According to this story, this battery has been producing electricity since 1950. I have a story that is slightly different. This is the story of the zombie battery that came back from the dead.
My grandmother had a simple, battery-operated wall clock in her house. When she died in the late 70s, my mom took it to our house and hung it on the wall. Not long after, it's pair of Eveready D batteries died and the clock stopped. She never replaced the batteries, nor got rid of the clock. It just hung on the wall, I suppose as a reminder of her deceased mother.
I'm guessing around 1990 or 91, one night mom called me, breathless and a little scared. She said, do you remember Mamaw's old clock?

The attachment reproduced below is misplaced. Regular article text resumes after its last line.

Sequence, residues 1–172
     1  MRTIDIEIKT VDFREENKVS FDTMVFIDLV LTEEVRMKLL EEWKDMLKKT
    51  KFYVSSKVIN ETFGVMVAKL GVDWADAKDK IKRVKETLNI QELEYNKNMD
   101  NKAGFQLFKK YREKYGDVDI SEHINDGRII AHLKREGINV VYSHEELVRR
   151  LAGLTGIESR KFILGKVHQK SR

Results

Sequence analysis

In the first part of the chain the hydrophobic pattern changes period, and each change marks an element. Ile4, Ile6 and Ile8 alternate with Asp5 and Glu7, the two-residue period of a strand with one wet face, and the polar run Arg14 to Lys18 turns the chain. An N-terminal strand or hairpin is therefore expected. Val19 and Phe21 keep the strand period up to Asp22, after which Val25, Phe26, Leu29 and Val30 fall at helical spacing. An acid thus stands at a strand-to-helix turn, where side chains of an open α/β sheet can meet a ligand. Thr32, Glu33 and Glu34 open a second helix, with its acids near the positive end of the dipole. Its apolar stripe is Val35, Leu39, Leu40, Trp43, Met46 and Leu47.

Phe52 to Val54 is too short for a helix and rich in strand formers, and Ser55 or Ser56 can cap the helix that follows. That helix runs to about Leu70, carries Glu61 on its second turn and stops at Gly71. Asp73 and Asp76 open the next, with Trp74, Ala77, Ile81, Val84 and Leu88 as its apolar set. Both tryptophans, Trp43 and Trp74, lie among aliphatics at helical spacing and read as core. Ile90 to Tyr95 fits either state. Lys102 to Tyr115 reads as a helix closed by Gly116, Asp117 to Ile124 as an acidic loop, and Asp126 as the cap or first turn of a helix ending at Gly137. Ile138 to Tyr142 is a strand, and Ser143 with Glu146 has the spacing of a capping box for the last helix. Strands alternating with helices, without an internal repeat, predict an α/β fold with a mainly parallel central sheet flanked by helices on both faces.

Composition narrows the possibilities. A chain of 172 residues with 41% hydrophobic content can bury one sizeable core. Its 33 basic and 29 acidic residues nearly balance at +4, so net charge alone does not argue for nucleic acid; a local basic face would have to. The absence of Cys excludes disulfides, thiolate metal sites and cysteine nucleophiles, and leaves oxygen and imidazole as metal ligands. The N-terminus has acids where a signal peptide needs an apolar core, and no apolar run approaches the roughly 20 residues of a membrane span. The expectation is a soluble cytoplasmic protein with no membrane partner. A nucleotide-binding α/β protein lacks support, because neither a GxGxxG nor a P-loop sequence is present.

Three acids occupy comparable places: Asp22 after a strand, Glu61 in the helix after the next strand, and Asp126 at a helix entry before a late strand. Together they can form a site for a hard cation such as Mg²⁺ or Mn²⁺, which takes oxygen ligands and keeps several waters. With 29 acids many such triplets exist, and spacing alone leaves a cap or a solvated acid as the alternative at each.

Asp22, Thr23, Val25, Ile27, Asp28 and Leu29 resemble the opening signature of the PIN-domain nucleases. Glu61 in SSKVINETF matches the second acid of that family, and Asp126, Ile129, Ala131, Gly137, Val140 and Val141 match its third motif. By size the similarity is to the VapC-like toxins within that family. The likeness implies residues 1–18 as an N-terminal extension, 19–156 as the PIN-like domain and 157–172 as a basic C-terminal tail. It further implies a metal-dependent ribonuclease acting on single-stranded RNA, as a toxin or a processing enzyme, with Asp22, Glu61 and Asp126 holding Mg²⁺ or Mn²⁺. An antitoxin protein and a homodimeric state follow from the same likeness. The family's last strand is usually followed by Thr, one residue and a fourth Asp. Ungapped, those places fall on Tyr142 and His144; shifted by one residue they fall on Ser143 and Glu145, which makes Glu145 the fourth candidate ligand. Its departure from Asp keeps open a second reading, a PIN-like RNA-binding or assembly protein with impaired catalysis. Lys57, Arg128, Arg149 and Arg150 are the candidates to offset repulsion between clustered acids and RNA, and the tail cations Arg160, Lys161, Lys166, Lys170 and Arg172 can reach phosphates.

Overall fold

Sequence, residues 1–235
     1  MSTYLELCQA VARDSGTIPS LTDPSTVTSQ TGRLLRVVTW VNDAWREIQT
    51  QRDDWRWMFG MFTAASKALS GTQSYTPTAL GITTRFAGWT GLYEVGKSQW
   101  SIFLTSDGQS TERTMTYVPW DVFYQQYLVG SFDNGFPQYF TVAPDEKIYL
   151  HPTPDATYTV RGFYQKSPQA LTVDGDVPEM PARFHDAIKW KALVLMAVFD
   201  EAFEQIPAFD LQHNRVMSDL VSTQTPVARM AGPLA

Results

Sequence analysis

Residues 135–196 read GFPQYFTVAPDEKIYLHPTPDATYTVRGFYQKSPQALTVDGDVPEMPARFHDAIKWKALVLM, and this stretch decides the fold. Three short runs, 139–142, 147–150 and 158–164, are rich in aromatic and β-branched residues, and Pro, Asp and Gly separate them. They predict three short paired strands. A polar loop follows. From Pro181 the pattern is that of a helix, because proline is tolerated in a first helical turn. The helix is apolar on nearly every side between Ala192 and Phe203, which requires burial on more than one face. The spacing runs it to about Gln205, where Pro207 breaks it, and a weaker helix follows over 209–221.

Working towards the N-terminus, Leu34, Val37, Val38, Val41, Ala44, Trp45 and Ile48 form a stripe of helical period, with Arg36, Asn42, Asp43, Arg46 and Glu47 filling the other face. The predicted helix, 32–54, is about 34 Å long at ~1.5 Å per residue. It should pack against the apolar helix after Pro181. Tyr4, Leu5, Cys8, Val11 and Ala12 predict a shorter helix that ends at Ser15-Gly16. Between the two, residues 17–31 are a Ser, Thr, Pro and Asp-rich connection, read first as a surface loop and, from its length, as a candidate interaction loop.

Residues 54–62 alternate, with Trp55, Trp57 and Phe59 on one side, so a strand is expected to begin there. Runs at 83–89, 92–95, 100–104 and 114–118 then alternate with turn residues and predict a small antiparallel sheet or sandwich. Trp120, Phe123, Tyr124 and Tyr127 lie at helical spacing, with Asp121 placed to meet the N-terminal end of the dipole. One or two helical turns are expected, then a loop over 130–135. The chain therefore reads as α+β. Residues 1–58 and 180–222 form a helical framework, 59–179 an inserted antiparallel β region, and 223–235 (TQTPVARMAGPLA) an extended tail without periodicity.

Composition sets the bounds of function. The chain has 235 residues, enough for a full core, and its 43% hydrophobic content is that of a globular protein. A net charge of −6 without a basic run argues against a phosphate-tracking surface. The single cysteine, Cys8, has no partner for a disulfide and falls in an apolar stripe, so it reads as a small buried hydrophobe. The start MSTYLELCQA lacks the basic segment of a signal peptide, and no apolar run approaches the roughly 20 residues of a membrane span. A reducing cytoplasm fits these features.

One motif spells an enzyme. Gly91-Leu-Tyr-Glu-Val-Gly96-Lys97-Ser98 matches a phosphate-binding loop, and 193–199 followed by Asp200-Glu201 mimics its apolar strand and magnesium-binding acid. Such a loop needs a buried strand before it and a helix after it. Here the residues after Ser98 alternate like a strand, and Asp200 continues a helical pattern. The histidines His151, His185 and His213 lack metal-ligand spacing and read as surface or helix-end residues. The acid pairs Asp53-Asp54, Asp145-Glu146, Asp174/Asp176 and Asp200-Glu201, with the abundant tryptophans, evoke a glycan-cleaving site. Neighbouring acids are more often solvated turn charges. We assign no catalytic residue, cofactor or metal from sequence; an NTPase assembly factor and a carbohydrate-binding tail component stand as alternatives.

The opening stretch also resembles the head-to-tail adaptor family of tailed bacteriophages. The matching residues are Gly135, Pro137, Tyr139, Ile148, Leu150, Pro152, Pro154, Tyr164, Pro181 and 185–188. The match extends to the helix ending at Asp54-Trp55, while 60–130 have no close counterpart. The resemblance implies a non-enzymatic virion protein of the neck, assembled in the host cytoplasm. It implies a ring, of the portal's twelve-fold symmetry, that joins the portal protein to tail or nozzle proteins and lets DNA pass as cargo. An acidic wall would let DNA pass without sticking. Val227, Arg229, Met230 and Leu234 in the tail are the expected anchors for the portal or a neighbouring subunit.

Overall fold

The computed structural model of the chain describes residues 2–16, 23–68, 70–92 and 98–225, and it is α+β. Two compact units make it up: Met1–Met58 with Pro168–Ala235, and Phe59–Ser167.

Yes, I said.
It's running, she said.
She just happened to notice that the time had changed, and upon closer examination saw that the second hand was moving. No telling how long it had been running, but the old clock continued running for several more hours on 15 year old dead D batteries, before stopping again. It's still on her wall, but it has never run since.
Common sense says that batteries that have been dead for 15 or so years don't just suddenly recharge themselves. Yet that's what they did. There's no rational scientific explanation for it. E pur si muove.